Keto diets work. Even among patients initially doubtful, once they get into ketosis and see impressive, gratifying, often times instant results, they become believers.
If you didn’t read my previous blog on the significant health benefits of an alkaline diet, please consider reviewing that here. And after you learn more about the health effects of a keto diet (in this blog), my next blog will talk about the power of combining the two in my Keto-Alkaline® (Keto-Green™) Diet.
You can also download my brand new, FREE, ebook on Keto-Alkaline principles entitled, “The Secret Science of Staying Slim, Sane and Sexy After 40” here, as well!
Experts have used keto diets since the 1920s for epilepsy, beginning in the 1960’s for obesity, and over the last decade for numerous conditions including diabetes, polycystic ovary syndrome (PCOS), acne, neurological diseases, cancer, respiratory disease, and cardiovascular disease.
During her initial consult, my 47-year-old patient Margaret expressed concern about several of these issues. She had done several commercial diets over the past decade with varying results. She’s not alone, right? None had remedied her polycystic ovary syndrome (PCOS), and her doctor remained baffled about how to treat it.
Acne, a history of depression, familial Type 2 diabetes, and about 40 extra pounds accompanied those frustrations.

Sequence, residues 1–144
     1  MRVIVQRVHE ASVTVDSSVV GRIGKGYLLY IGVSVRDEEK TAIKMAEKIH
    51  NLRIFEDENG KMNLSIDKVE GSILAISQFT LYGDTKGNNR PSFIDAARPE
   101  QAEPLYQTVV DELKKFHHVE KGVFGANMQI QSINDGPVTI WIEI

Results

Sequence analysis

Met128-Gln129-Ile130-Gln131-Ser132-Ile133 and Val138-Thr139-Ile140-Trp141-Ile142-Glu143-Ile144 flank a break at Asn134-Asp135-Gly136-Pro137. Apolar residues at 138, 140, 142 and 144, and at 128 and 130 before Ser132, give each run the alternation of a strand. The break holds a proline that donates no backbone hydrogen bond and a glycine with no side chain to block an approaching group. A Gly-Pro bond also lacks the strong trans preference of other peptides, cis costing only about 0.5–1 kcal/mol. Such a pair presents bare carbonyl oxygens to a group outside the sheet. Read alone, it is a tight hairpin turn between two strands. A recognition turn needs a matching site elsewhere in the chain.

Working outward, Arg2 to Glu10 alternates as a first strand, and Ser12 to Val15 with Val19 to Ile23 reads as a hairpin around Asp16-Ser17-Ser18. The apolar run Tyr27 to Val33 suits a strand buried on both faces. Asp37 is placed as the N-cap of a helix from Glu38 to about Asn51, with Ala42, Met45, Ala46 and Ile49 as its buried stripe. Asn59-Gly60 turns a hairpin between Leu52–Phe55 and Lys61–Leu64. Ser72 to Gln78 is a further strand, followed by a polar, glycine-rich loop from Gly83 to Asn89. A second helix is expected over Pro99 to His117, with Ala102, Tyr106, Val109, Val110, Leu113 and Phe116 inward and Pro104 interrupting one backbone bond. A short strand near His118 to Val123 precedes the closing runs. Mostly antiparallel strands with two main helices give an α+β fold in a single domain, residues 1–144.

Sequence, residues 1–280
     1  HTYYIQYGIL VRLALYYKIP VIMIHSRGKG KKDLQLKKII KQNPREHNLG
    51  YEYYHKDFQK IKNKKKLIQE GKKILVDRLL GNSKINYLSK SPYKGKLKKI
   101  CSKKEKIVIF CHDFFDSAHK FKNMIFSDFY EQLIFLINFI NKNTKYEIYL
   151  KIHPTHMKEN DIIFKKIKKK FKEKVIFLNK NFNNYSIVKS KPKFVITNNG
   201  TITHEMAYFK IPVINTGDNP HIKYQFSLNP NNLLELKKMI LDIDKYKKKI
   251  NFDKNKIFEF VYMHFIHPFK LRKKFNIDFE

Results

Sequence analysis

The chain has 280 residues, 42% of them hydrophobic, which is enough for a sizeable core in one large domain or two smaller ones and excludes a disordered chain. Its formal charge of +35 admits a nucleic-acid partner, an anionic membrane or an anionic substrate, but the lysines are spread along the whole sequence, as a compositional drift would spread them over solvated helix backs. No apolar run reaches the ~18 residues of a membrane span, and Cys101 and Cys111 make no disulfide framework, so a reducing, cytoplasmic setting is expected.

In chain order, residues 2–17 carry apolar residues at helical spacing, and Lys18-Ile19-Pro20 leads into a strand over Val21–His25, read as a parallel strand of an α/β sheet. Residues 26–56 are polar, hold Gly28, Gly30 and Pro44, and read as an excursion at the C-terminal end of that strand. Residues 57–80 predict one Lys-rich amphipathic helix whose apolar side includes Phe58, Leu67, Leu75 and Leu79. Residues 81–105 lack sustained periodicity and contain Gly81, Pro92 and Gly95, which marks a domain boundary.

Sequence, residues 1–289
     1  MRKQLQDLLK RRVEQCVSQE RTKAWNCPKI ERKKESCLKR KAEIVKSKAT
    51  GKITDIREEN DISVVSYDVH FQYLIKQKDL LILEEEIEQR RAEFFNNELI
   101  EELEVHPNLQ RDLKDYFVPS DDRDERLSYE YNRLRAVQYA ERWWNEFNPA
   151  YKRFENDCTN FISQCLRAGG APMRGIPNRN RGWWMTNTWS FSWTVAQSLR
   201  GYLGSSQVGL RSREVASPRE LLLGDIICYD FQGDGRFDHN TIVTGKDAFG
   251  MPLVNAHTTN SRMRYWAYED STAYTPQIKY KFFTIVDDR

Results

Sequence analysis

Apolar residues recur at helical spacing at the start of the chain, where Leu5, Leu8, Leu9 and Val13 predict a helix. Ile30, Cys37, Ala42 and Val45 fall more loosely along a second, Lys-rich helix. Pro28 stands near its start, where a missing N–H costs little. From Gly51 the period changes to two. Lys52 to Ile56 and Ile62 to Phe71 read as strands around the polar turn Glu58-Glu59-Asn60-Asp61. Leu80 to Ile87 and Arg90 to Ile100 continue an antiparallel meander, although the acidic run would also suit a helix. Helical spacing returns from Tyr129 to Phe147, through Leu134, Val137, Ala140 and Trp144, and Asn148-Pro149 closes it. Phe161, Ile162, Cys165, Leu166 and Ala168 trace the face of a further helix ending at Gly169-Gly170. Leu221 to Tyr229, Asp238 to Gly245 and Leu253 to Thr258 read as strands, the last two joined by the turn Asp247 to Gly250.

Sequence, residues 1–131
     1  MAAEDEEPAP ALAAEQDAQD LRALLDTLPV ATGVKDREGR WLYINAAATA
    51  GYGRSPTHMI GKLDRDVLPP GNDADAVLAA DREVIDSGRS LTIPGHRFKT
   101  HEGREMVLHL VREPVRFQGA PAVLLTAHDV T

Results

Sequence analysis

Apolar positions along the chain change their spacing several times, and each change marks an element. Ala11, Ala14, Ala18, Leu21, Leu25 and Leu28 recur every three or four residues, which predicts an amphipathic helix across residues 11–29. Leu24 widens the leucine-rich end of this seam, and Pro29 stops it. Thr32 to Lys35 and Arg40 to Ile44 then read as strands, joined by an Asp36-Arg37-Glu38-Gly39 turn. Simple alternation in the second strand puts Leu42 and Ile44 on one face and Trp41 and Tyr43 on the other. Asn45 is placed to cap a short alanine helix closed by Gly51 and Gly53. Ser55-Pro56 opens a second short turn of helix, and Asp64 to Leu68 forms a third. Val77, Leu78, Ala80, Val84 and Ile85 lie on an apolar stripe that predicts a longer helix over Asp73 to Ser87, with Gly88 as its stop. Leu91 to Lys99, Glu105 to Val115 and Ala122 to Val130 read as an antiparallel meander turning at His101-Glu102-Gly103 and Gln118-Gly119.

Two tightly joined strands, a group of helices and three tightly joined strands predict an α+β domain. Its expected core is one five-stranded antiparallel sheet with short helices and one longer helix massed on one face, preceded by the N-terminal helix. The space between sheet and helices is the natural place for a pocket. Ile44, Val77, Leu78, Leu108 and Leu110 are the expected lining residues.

While getting to a point where she felt happy took about a month, a keto diet became Margaret’s remedy. She reversed PCOS, her acne cleared up, she had more steady moods, and the scales started moving in her favor.
She’s not alone. In my practice, I’ve witnessed how keto diets can benefit numerous conditions, including these 10:
Despite its efficacy, not everyone gets keto.
“The Keto Diet Is Gaining Popularity, but Is It Safe?” asks Liz Seegert in a Healthline article earlier this year.
Some experts didn’t think so. In the general population, [Francine Blinten, R.D] said a keto diet should only be considered in extreme cases.
“It can do more harm than good. It can damage the heart, which is also a muscle,” she explained. Lisa Cimperman, R.D.N., a clinical dietitian at University Hospitals Case Medical Center in Cleveland, Ohio, and a spokesperson for the Academy of Nutrition and Dietetics, also didn’t think a keto diet was good.
“Once your body enters ketosis, you also begin to lose muscle, become extremely fatigued, and eventually enter starvation mode. Then it actually becomes even harder to lose weight,” Cimperman told Healthline.
Much of this fear and misinformation stems from misunderstanding ketosis. Medical experts confuse nutritional ketosis with diabetic ketoacidosis, a life-threatening complication of Type 1 diabetes where ketones are produced rapidly, overwhelming the body’s acid-base buffering system.
At the same time, I’m aware about a keto diet’s initial limitations. “The diet’s strictness, unpalatability, and side effects limit its use, adversely affecting patients’ compliance and clinical efficacy,” researchers in one study wrote.